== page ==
Instead of voting on the issue, the board decided to wait for results of a teacher survey that will ask specifically about their intentions if required to come back to school while still in a fully virtual model. They also talked about making it a requirement to teach from inside schools unless teachers obtain waivers to teach from home because of a medical reason or a childcare situation.

They planned to return to the discussion at the next meeting, Aug. 26, possibly voting on it then.

Anatomy of a virtual school day

Much of the rest of Wednesday’s meeting was spent talking about what a virtual school day will look like for students. Superintendent Steve Lockard and CCPS staff shared sample schedules for elementary, middle and high schools, and answered board members’ questions about how much synchronous learning will be going on.

Jason Anderson, chief academic, equity and accountability officer for CCPS, defined synchronous learning for the school board as a group of students learning at the same time — for example, a teacher presenting a lesson, and students following along remotely. Conversely, asynchronous learning is students getting the same material but at a different time from peers, such as an assignment in Google Classroom that students would get to when convenient.

Later in the meeting, the board unanimously voted that each school day must include at least 50% synchronous learning, with office hours and/or support not being counted as part of that.

Technology access

A considerable amount of time Wednesday was also devoted to students’ ability to access technology during virtual learning. CCPS staff said an intention form has been sent out to parents of all students, asking if a laptop will be needed and if internet access is an issue, noting that if the answer was “yes” to the latter question, personnel from CCPS technology services would be making house calls to try to figure out solutions.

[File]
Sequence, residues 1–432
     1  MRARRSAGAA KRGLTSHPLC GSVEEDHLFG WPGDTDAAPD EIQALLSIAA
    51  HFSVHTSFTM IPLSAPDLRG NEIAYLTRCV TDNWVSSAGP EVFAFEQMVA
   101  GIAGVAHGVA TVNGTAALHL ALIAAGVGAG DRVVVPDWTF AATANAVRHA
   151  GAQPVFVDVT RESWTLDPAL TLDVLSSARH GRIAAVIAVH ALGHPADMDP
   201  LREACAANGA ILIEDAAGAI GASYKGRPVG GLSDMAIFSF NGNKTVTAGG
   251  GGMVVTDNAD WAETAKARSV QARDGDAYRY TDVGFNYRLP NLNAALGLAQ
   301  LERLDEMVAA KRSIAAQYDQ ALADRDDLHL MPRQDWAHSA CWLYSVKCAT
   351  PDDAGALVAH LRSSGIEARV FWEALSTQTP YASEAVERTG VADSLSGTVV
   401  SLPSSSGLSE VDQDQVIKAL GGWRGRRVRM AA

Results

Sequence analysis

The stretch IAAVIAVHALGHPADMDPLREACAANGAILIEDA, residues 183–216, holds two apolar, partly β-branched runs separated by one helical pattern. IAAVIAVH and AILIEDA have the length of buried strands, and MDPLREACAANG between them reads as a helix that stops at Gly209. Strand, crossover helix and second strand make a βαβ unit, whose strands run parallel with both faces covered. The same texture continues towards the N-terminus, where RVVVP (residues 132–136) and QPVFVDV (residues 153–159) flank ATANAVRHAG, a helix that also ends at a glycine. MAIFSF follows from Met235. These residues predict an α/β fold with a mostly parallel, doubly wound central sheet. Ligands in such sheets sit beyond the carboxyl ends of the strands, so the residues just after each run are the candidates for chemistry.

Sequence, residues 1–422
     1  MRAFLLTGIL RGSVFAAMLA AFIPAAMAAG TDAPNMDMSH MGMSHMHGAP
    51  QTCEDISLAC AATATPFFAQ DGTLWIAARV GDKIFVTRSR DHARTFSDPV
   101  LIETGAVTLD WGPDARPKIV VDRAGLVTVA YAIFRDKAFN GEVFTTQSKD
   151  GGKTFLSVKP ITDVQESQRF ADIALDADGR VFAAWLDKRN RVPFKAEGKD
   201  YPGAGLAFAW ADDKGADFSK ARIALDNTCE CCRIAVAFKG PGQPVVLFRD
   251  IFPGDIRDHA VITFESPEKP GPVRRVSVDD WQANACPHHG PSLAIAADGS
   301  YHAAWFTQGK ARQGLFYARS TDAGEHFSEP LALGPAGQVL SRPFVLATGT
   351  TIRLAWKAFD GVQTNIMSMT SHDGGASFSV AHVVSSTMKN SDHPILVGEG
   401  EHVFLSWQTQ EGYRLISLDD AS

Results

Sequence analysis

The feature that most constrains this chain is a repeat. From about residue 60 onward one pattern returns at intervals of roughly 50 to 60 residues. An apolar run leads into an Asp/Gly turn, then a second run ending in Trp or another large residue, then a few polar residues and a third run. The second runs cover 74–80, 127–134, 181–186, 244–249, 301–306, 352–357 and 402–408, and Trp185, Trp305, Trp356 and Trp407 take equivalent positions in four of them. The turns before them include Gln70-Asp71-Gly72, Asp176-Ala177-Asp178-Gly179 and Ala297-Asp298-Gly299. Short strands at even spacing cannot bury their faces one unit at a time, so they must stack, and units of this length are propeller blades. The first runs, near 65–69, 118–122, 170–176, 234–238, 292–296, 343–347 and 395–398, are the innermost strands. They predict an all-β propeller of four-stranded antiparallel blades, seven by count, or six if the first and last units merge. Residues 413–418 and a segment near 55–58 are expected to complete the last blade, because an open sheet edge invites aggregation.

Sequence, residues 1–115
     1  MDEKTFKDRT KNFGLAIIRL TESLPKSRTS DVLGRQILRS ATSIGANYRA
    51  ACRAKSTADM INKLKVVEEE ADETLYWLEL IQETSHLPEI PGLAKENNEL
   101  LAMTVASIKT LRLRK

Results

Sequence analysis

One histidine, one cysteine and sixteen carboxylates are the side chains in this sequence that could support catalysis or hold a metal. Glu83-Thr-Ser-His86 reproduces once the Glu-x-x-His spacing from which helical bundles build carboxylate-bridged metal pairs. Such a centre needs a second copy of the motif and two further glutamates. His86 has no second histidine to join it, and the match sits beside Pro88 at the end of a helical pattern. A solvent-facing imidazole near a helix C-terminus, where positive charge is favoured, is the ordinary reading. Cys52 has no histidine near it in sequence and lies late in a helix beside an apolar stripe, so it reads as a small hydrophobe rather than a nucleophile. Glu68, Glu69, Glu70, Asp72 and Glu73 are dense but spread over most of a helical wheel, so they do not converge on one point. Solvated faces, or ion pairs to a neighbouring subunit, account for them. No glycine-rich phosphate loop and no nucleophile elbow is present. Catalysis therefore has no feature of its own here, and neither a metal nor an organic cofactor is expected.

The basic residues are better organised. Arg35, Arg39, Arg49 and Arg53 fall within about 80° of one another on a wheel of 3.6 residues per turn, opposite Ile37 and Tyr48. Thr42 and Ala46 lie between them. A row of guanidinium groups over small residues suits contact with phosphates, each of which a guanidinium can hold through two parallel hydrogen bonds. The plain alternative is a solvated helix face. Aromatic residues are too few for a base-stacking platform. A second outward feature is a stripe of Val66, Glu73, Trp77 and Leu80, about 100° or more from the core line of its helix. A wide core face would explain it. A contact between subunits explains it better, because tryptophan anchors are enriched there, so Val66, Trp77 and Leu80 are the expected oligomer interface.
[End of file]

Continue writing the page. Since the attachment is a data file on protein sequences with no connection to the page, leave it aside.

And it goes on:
Gary Davis, CCPS chief information officer, said a research project had mapped about 267 households in Carroll where some 420 students reside as being problem areas for broadband access, but the intention forms sent to parents would provide even more data.

The surveys were sent via email on Monday to parents of the school system’s approximately 25,400 students. By the start of the meeting, 13,518 had been completed. The school system will follow up with phone calls to any households who don’t complete the survey by the Aug. 18 deadline.

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Anderson said at the meeting, and Davis confirmed Thursday, that there is shortage of laptops is a worldwide issue and that CCPS has some 8,000 Google Chromebooks on order currently scheduled to arrive in November. However, those are strictly a part of a one-on-one high school technology initiative and even without those, he expects they will be able to serve all students who need laptops, as they have about 11,500 available to be loaned out.

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Many students will want to use their own laptops, and Davis tried to assure parents that they don’t need to run out a spend a fortune on them. “The reality is, for what we are doing, it just needs to be capable of running a browser and be connected to the internet,” Davis said.

School meals

At one point in the meeting, Kiler expressed concern for students who might go hungry because they aren’t going to school. Later, the board unanimously voted to make all meals free for students who would otherwise be paying reduced fees: 10 cents for breakfast and 20 cents for lunch.

Karen Sarno, CCPS supervisor of food services, said via email Thursday that in a normal operational year the revenue for reduced priced meals would be about $20,000 of the $7 million of revenue in the food service program. “Commencing the school year with virtual learning, we know this will not be a normal year and want to remove any barrier to participation for our families eligible for meal benefits,” she said.

Because students won’t be in school buildings to start the year, Sarno said they are in the process of defining the meal distribution system that will begin Sept. 8.

“Similar to the spring we will have schools designated for pick up and are working out the details of delivery options,” Sarno said. “These meals will be available to all students in daily or whole week bundles.”

After Wednesday’s vote, students eligible for free or reduced price meals will pay no fee. The meals are available for all students, however. Full-paying students will pay normal rates — breakfast is $1.50 for elementary school students and $1.75 for secondary students, whereas lunch is $2.50 for elementary, $2.75 for middle and $3 for high school.

“We will be doing community outreach once we have finalized pick-up sites and delivery procedures,” Sarno said.